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Four years after losing Egypt, Muslim Brotherhood in tatters

By
Amr Emam, The Arab Weekly
Tents burn while supporters of ousted President Mohammed Morsi gather outside of Rabaa al-Adwya square after police swept into their encampment with armored vehicles and bulldozers in the Nasr City district, in Cairo on August 14, 2013. Hundreds of people were killed and thousands injured. File Photo by Ahmed Asad/UPI
Tents burn while supporters of ousted President Mohammed Morsi gather outside of Rabaa al-Adwya square after police swept into their encampment with armored vehicles and bulldozers in the Nasr City district, in Cairo on August 14, 2013. Hundreds of people were killed and thousands injured. File Photo by Ahmed Asad/UPI | License Photo

CAIRO, July 3 (UPI) -- On June 30, 2012, Muslim Brotherhood figure Mu­hammad Morsi took the oath of office, becoming Egypt's president and fulfilling a more than an 80-year political project.

A year later, millions of Egyp­tians took to the streets, protesting Morsi's rule. Four years on and the Muslim Brotherhood is out of poli­tics in Egypt, designated as a ter­rorist group and devoid of any real popular support in the country of its birth.

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"Look at the Brotherhood now," said Mokhtar Noah, a former mem­ber of the group. "It has never been weaker."

The Muslim Brotherhood is in tatters, with half of its leaders in jail and the other half in exile. Sup­port for the group is at an all-time low amid rejection of the group's violent rhetoric after Morsi's ouster and because of the government's massive security clampdown.

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This, however, is less about the Muslim Brotherhood and Egypt than the state of political Islam throughout the Arab region, ex­perts said.

The Muslim Brotherhood's rise in Egypt, Tunisia, Libya and Mo­rocco following the "Arab spring" emboldened its branches in Syria, Yemen and elsewhere to push for change.

"This was why this rise was cautiously welcomed in the Gulf, where Brotherhood sleeper cells awaited their moment of empow­erment," said Ekram Badr el-Din, a political science professor at Cairo University. "The Muslim Brother­hood wanted to rule everywhere, even though it did not have a prac­tical program."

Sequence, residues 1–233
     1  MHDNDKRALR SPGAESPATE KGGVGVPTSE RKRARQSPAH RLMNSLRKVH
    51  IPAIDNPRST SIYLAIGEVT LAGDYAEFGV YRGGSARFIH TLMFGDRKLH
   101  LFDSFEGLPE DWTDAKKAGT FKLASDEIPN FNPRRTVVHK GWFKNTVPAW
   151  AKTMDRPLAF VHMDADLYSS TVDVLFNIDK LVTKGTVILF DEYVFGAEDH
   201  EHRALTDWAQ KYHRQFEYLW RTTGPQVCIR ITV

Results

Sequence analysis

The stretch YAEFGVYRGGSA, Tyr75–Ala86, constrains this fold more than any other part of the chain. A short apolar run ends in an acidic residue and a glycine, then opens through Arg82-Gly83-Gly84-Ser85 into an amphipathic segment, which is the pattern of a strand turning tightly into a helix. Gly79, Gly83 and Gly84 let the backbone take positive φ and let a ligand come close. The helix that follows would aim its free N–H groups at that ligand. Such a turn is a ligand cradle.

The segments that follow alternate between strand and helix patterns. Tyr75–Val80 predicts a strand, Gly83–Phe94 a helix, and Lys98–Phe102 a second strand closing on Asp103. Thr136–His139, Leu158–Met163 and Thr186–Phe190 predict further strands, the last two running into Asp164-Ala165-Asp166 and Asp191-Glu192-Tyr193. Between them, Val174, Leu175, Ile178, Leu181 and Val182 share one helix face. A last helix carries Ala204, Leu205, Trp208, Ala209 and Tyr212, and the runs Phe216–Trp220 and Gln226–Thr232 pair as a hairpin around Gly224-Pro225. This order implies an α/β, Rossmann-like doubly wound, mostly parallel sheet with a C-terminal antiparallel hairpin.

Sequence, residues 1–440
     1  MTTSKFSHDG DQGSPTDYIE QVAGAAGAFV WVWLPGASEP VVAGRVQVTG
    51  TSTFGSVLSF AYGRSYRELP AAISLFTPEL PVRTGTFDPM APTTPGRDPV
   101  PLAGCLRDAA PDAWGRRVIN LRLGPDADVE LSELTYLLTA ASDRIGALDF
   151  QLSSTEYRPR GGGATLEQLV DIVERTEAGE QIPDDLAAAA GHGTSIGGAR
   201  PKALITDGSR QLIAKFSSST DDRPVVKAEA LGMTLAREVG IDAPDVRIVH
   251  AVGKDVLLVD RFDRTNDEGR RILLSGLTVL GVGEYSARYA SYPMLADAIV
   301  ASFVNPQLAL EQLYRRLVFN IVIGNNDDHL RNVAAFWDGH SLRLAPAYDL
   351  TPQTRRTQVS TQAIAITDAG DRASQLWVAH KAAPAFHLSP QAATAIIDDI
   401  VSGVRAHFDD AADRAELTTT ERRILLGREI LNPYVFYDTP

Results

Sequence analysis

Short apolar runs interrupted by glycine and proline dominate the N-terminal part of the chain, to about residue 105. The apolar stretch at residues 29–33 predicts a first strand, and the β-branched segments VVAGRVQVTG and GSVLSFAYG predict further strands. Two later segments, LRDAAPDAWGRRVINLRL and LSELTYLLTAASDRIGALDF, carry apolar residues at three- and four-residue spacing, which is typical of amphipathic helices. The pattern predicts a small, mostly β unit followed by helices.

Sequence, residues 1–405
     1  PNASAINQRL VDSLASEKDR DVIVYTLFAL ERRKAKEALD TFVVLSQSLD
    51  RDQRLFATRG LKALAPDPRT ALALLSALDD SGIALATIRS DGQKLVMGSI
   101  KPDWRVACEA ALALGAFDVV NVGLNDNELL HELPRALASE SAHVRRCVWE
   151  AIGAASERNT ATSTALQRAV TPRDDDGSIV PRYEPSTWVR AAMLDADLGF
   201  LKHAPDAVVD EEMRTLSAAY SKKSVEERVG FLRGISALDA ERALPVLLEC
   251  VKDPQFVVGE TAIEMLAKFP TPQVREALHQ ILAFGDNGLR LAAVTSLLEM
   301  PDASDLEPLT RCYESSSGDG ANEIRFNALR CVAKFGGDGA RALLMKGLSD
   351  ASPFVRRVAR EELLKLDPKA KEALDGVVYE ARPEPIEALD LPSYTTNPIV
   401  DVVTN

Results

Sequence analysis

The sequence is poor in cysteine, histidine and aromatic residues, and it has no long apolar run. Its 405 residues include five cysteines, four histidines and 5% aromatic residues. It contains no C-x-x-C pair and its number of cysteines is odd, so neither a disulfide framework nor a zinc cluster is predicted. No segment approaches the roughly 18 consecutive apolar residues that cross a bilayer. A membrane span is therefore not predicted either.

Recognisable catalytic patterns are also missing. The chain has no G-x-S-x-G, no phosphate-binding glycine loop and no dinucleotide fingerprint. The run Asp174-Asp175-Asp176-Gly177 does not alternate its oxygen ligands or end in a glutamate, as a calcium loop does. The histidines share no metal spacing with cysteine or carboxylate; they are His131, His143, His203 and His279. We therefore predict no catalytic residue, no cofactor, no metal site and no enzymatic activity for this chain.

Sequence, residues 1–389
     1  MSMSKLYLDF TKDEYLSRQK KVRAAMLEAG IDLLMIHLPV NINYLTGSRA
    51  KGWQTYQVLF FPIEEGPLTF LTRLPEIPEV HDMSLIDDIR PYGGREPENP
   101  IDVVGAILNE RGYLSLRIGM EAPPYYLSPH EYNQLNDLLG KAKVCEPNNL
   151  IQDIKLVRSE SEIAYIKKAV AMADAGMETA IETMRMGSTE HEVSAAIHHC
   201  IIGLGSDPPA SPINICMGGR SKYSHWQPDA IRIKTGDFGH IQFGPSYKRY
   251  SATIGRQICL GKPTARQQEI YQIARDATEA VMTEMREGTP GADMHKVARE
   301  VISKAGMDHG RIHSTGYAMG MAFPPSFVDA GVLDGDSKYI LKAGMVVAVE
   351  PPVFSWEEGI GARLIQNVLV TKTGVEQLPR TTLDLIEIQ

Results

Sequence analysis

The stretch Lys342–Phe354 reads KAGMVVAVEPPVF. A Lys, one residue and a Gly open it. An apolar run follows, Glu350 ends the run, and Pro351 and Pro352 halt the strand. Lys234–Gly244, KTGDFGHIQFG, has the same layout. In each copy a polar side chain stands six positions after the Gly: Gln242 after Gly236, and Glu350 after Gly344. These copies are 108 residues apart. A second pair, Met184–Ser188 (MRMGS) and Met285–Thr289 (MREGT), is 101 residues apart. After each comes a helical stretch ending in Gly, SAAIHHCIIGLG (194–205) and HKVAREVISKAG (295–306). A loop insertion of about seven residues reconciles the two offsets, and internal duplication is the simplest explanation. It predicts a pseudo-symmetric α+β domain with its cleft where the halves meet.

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In Egypt, the group's develop­ment program, known as the Renaissance Project, was hardly successful. Economic development stalled and Muslim Brotherhood leaders — until then an unofficial opposition group — seemed more interested in pushing for the Is­lamization of society than securing economic development.

Deputy Muslim Brotherhood Supreme Leader Khairat el-Shater conceded in 2013 that the project was only a set of random thoughts, not a full program for Egypt's development.

This lack of real solutions caused the group's failure in Egypt, Noah said.

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"They did not expect to come to power so early, which was why they were not prepared when this happened," he said. The Muslim Brotherhood initially said it would not put forward a presidential can­didate after Egypt's 2011 revolution but did so.

Morsi's year in office was full of controversy, failings and public discontent. He entrenched division rather than seeking to unify ranks after a divisive post-revolutionary period and the Brotherhood proved to be full of political novices.

Following a series of political and judicial crises, along with concerns from Egypt's military about the di­rection the country was heading, Morsi's ouster was assured.

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"When Egyptians rose up against him, there was nobody to defend him but the members of his move­ment, only a fraction of the popula­tion," Badr el-Din said.

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The end of the Brotherhood's project in Egypt, the uncertain prospects of the group's affiliates in other North African countries and the regional move to designate it a terrorist group demonstrate that political Islam is on the way out, experts said.

However, the rise of the Islamic State across the region, as well as the resurgence of al-Qaida in many areas, remains a major cause for concern.

In early 2013, senior Islamist figure Tarek al-Zomor, who spent nearly three decades in jail for par­ticipating in the assassination of Egyptian President Anwar Sadat, made a comment that was viewed as prescient.

Zomor said Islamist movements would not resort to violence so long as change via political means was possible.

"Violence only happens when there is no hope of change via polit­ical means," Zomor told the private Egyptian Dream TV.

In 2012, Zomor and other Islam­ists from Jamaat Islamiya formed the Building and Development Party. When Morsi was ousted, he fled to Turkey, like many other Is­lamists.

In Egypt, the Muslim Brother­hood has been routed and ultra-orthodox Salafist parties have seen their support wane. The rest of the region is also witnessing a general state of fatigue toward Islamist groups. Is this the end of the politi­cal Islam project in the region?

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"It all depends on whether these states will present a success­ful model of the secular rule that solves the problems of their citi­zens," said Sameh Eid, an expert on Islamist groups. "This model's suc­cess will make it difficult for Islam­ists to claim that they hold the keys to a better future."

This article originally appeared at The Arab Weekly.

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